# Payback Period - E-Learning | STMIK AMIKOM Yogyakarta

```Initial Project Screening
Method - Payback Period
Lecture No.15
Chapter 5
Contemporary Engineering Economics
Contemporary Engineering Economics, 4th
edition, &copy; 2007
Chapter Opening Story
Contemporary Engineering Economics, 4th
edition, &copy; 2007
Ultimate Questions

Municipalities’ Point of View:



Would there be enough new revenues from installing the
expensive parking monitoring devices?
How many devices could be installed to maximize the
revenue streams?
Manufacturer's Point of View:


Would there be enough demand for their product to justify
the investment required in new facilities and marking?
What would be the potential financial risk if the actual
demand is far less than its forecast or adoption of
technology is too slow?
Contemporary Engineering Economics, 4th
edition, &copy; 2007
Bank Loan vs. Investment Project
Contemporary Engineering Economics, 4th
edition, &copy; 2007
Payback Period
 Principle:
How fast can I recover my initial investment?
 Method:
Based on the cumulative cash flow (or
accounting profit)
 Screening Guideline:
If the payback period is less than or equal to
some specified payback period, the project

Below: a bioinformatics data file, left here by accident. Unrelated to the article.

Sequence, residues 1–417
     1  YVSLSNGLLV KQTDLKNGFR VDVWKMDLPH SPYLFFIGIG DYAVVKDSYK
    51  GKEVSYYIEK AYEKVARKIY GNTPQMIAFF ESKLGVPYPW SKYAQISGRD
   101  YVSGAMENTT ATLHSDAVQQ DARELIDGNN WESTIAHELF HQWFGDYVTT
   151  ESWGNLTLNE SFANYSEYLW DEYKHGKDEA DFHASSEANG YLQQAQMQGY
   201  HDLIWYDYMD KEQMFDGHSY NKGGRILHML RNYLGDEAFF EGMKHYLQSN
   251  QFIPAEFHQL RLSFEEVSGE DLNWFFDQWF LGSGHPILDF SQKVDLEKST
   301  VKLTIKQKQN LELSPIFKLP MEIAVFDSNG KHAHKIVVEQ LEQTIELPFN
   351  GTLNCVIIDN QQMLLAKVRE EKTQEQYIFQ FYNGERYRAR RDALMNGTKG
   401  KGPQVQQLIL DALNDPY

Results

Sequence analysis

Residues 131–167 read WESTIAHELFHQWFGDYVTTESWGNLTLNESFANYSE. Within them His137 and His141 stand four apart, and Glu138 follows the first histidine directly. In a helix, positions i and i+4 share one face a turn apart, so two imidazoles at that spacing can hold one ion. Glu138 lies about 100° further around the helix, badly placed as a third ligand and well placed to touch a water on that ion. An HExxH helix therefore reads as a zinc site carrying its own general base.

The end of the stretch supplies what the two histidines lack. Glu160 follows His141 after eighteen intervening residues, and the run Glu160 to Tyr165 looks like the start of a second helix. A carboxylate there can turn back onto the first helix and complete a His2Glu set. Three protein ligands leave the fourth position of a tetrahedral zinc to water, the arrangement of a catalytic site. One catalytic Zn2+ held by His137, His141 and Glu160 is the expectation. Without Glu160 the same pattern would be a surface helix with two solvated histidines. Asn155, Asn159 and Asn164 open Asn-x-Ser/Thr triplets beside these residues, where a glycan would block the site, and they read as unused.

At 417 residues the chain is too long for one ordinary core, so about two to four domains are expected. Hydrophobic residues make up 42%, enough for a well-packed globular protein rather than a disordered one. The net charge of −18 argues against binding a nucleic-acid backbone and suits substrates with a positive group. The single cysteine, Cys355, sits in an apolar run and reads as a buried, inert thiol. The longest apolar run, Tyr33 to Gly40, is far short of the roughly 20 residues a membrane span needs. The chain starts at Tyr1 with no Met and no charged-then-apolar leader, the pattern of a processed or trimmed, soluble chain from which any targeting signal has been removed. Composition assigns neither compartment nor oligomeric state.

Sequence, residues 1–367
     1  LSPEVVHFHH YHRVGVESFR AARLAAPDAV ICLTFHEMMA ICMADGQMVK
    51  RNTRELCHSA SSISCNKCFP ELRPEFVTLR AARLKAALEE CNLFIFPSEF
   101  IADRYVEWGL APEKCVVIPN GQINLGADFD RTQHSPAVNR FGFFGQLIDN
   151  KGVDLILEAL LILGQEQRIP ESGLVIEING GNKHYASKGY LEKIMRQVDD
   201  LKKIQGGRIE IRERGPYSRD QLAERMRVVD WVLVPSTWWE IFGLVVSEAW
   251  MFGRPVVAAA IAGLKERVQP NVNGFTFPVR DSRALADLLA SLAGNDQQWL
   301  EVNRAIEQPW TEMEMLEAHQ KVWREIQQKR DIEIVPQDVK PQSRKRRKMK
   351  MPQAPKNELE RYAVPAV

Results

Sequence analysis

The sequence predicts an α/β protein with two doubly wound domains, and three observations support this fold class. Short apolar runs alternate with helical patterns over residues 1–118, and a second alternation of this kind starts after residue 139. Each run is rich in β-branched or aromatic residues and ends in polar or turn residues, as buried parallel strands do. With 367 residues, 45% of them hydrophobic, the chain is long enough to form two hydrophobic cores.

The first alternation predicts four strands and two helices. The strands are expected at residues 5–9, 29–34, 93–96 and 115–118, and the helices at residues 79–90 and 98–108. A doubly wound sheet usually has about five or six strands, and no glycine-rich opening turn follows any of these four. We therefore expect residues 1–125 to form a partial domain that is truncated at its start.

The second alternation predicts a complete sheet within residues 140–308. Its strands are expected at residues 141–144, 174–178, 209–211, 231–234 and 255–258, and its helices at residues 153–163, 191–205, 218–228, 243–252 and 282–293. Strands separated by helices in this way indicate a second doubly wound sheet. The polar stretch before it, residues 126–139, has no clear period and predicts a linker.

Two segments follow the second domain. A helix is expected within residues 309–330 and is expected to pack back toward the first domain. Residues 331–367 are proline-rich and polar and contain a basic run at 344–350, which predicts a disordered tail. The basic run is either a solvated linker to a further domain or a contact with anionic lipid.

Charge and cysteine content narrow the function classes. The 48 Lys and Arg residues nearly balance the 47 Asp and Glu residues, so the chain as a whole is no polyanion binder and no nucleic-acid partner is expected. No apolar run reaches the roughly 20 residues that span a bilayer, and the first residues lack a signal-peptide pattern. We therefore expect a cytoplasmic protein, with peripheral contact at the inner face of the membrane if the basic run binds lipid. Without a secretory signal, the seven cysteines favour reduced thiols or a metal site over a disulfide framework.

would be considered for further analysis.
 Weakness:
Does not consider the time value of money
Contemporary Engineering Economics, 4th
edition, &copy; 2007
\$45,000
\$45,000
Annual cash flow
\$35,000
\$35,000
\$25,000
\$15,000
0
1
2
Years
3
4
5
4
5
6
Cumulative cash flow (\$)
\$85,000
150,000
3.2 years
Payback period
100,000
50,000
0
-50,000
-100,000
0
1
2
3
Contemporary Engineering Economics, 4th
edition, &copy; 2007
6
Years (n)
B
Payback Period = A +
C
In the above formula,
A is the last period with a negative cumulative cash
flow;
B is the absolute value of cumulative cash flow at the
end of the period A;
C is the total cash flow during the period after A
Contemporary Engineering Economics, 4th
edition, &copy; 2007
Discounted Payback Period
 Principle:
How fast can I recover my initial investment
plus interest?
 Method:
Based on the cumulative discounted cash flow
 Screening Guideline:
If the discounted payback period (DPP) is less
than or equal to some specified payback period,
the project would be considered for further
analysis.
 Weakness:
Cash flows occurring after DPP are ignored
Contemporary Engineering Economics, 4th
edition, &copy; 2007
Discounted Payback Period Calculation
Period
Cash Flow
0
-\$85,000
1
Cost of Funds
(15%)*
Cumulative
Cash Flow
0
-\$85,000
15,000
-\$85,000(0.15) = -\$12,750
-82,750
2
25,000
-\$82,750(0.15) = -12,413
-70,163
3
35,000
-\$70,163(0.15) = -10,524
-45,687
4
45,000
-\$45,687(0.15) =-6,853
-7,540
5
45,000
-\$7,540(0.15) = -1,131
36,329
6
35,000
\$36,329(0.15) = 5,449
76,778
* Cost of funds = (Unrecovered beginning balance) X (interest rate)
Contemporary Engineering Economics, 4th
edition, &copy; 2007
Illustration of Discounted Payback Period
Contemporary Engineering Economics, 4th
edition, &copy; 2007
Summary
Payback periods can be used as a screening
tool for liquidity, but we need a measure of
investment worth for profitability.
Contemporary Engineering Economics, 4th
edition, &copy; 2007
```